• Quantitative polymerase chain reaction (qPCR): amplifies and quantifies a targeted DNA molecule
Table 1. Molecular profiling technologies

In the metastatic setting, combining DNA sequencing, fluorescence in situ hybridization (FISH), and immunohistochemistry (IHC) is useful for identification of phase I clinical trials, as these technologies can help clinicians identify targets that can increase the chances of finding an active agent. However, although treatment guidelines for NSCLC,8 colorectal cancer,9,10 and melanoma11 document a clear benefit for DNA sequencing, such a benefit is lacking for sarcomas and other less common cancers. DNA sequencing is also of limited benefit in breast cancer, which is still heavily reliant on the “classic” protein biomarkers for treatment decision-making. The medical consumer must therefore be savvy about ordering certain profiling technologies. Relying solely on sequencing is not in the patient’s best interest, given the lack of available drugs to target aberrant sequences.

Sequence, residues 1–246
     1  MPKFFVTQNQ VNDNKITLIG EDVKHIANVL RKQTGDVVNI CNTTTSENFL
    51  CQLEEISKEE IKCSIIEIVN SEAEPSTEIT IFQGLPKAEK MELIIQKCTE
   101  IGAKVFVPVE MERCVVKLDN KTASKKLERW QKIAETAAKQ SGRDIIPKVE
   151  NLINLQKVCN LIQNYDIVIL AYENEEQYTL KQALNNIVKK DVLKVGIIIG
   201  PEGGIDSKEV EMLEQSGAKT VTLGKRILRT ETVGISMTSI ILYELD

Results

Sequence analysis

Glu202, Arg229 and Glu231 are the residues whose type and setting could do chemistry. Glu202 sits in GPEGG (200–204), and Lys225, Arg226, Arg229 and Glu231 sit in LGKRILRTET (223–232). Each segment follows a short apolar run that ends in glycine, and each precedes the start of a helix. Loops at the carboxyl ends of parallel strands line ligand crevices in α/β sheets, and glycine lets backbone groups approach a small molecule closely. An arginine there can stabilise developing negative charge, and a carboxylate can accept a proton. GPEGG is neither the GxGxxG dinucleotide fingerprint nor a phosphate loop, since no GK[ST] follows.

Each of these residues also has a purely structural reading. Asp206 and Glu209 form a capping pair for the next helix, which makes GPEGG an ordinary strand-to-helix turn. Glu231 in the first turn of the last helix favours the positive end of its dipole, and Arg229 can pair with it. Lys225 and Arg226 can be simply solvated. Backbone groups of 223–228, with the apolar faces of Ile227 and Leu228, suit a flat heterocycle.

Future directions

In the future, the use of molecular profiling will likely expand to incorporate immunologic markers to predict response to cancer immunotherapy. The parameters for studying such markers, as well as their predictive and prognostic value, will need to be defined by clinical trials.

Additionally, biomarker data and treatment selection will increasingly be informed by results from so-called “basket” trials. These are studies that evaluate a drug targeting a specific molecular abnormality (e.g., a PI3KCA mutation) in patients with different tumor types, and group patients into separate study arms or “baskets” based on their tumor type. The “basket” trial design enables separate analyses of responses in tumor-specific patient cohorts as well as an overall analysis of response in all patients as a group.

Ultimately, molecular profiling will be used to prove a drug will not fail before it is administered to the patient. Such an approach will save significant resources due to the avoidance of ineffective therapies and unnecessary toxicities, without the loss of response.

Pinpointing gene changes in breast cancer cells